Here are the 5 key trends we should all be aware of with my comments:
Survey participants continue to rank private direct real estate investment as having the best investment prospects. Pretty expected from this group but the National Council of Real Estate Investment Fiduciaries (NCREIF) recently released its property performance index for the third quarter of 2013 and on a trailing 12-month basis, the index’s return was 11.0 percent, split about 50/50 between income and appreciation. A pretty nice return compared to fixed income rates and a much safer looking bet than buying equities at their all time highs.
Dependence on cap rate compression to drive value is being replaced by an emphasis on asset management. Especially in the 24 hour gateway markets apartment building cap rates are about as low as they can get (well until you look at Vancouver BC) so property performance has to come from actually making the property perform. You also have the problem of what to do with your proceeds if you do sell, as you would be reinvesting right back into the same cap rate market that you sold in… unless you changed to a higher cap rate sector, suburban strip centers anyone?
Opportunities to develop property are finally appearing in sectors other than multifamily. CBRE Econometrics had a piece out last week showing that large (> 350k sf) warehouse properties are being snapped up as fast as they’re being built. Maybe developers who moved over to doing apartments the last few years will move back to their home sectors and ease off on the new supply of multifamily units.
Value-added investment ranked highest in terms of investment strategy; distressed properties and distressed debt ranked last. We were licking our chops a few years ago waiting for RTC 2.0 fire sales to begin and while we were able take down some bank owned inventory, the anticipated tsunami of defaults on commercial loans never materialized. At this point most everything has been extended and pretended into performing status or sold off and so it’s back to making money the old fashion way: Finding and/or creating value.
Both equity investors and lenders are widening their search for business to include secondary markets and niche property types. This will be a double edged sword for investors who are focused on those secondary and tertiary markets as debt financing will be more available but there will also be more competition from sophisticated outsiders with deep pockets. The key will be to make them your buyers so dig in, find the right properties and tie them up quickly.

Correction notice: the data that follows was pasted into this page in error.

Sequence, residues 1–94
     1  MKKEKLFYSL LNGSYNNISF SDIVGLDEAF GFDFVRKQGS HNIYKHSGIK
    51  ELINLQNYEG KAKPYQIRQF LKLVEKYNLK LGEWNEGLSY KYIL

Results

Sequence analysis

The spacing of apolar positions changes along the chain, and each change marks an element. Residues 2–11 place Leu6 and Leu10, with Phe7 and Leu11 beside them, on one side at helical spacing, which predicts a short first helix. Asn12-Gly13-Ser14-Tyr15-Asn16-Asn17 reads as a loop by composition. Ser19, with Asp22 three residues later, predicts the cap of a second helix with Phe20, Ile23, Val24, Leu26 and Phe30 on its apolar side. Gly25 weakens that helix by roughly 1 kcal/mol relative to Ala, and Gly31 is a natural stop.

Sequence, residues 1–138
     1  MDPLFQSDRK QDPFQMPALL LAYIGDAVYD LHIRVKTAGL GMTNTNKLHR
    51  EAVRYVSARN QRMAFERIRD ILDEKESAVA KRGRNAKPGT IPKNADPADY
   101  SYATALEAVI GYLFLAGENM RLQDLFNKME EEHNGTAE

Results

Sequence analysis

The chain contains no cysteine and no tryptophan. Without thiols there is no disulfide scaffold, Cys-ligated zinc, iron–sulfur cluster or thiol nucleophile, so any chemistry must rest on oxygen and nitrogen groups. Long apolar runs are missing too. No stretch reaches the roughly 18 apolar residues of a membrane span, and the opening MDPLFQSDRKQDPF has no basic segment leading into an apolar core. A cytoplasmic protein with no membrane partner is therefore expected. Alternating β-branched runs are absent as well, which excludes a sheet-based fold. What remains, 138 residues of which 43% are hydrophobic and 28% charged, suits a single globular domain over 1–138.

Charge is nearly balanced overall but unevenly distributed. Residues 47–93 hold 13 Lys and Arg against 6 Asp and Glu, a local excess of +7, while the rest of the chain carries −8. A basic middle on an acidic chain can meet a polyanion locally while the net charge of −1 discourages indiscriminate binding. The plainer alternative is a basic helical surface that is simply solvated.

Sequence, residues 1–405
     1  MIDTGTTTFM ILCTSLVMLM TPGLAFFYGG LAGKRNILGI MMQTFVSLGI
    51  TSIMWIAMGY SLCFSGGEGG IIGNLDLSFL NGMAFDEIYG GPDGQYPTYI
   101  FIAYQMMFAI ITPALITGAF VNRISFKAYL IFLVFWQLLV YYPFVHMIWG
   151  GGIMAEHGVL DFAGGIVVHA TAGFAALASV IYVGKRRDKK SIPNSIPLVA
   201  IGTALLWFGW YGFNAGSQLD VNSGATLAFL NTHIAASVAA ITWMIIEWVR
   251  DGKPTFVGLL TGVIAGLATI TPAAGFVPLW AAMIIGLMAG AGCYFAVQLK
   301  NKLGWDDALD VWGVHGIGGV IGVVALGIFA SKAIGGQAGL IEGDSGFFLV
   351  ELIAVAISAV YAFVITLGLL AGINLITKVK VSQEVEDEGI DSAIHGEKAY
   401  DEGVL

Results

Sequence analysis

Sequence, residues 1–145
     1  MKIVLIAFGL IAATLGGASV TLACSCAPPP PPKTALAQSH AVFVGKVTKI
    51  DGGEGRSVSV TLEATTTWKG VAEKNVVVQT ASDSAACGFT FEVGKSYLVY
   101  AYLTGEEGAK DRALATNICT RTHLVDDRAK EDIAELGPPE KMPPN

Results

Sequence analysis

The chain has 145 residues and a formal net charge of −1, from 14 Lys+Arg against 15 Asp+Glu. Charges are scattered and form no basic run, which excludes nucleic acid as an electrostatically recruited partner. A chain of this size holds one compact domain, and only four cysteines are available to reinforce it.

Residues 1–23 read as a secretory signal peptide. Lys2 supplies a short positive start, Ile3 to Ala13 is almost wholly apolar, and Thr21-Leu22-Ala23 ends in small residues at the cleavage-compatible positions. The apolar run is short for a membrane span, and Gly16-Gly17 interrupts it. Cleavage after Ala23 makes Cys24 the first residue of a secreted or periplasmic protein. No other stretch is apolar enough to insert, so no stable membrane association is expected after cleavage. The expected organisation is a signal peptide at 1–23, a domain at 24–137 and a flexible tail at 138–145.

In more good news for apartment building investors, both the 10 year Treasury and apartment loan rates have moderated since the Fed’s “non-taper” announcement in mid-September. The spread between the T10 and the 10 year apartment loan rate we track has come in as well. Since 9/16 the Treasury has drifted down from 2.88% to yesterday’s quote of 2.53% while the loan rate has moved from 5.282 down to 4.921, bringing the spread in to 2.381 from 2.402. The average spread for 2013 has also narrowed to 2.573%:
10 year apartment building loan rates had been in a range the last few weeks until Ben Bernanke ‘failed to taper’ last Wednesday causing the bellwether 10 Year Treasury to fall about a dozen basis points to today’s quote of 2.72%. This is good news for apartment building investors, home buyers and builders, stock market speculators, just about everyone except savers, retirees and the people running retirement plans. The upside is that loan rates may head lower but the downside is the economy and particularly employment haven’t improved enough to ease off the money printing pedal.
Here’s the latest chart showing the T10, the 10 year fixed apartment rate we track and the spread between the two:
This week’s quote for a 10 year fixed rate, 30 year amortization apartment loan is 5.131%. (See below for more detail on this loan). The other thing noticeable on the chart is that the spread between the rates has been below the yearly average consistently since the beginning of July. In fact the average spread has fallen to 2.602 from 2.661 over that period. Partly because 4.5% was about as low apartment rates were going to go no matter how far down Treasuries went but also I think that lenders are getting more aggressive, especially in the multifamily sector.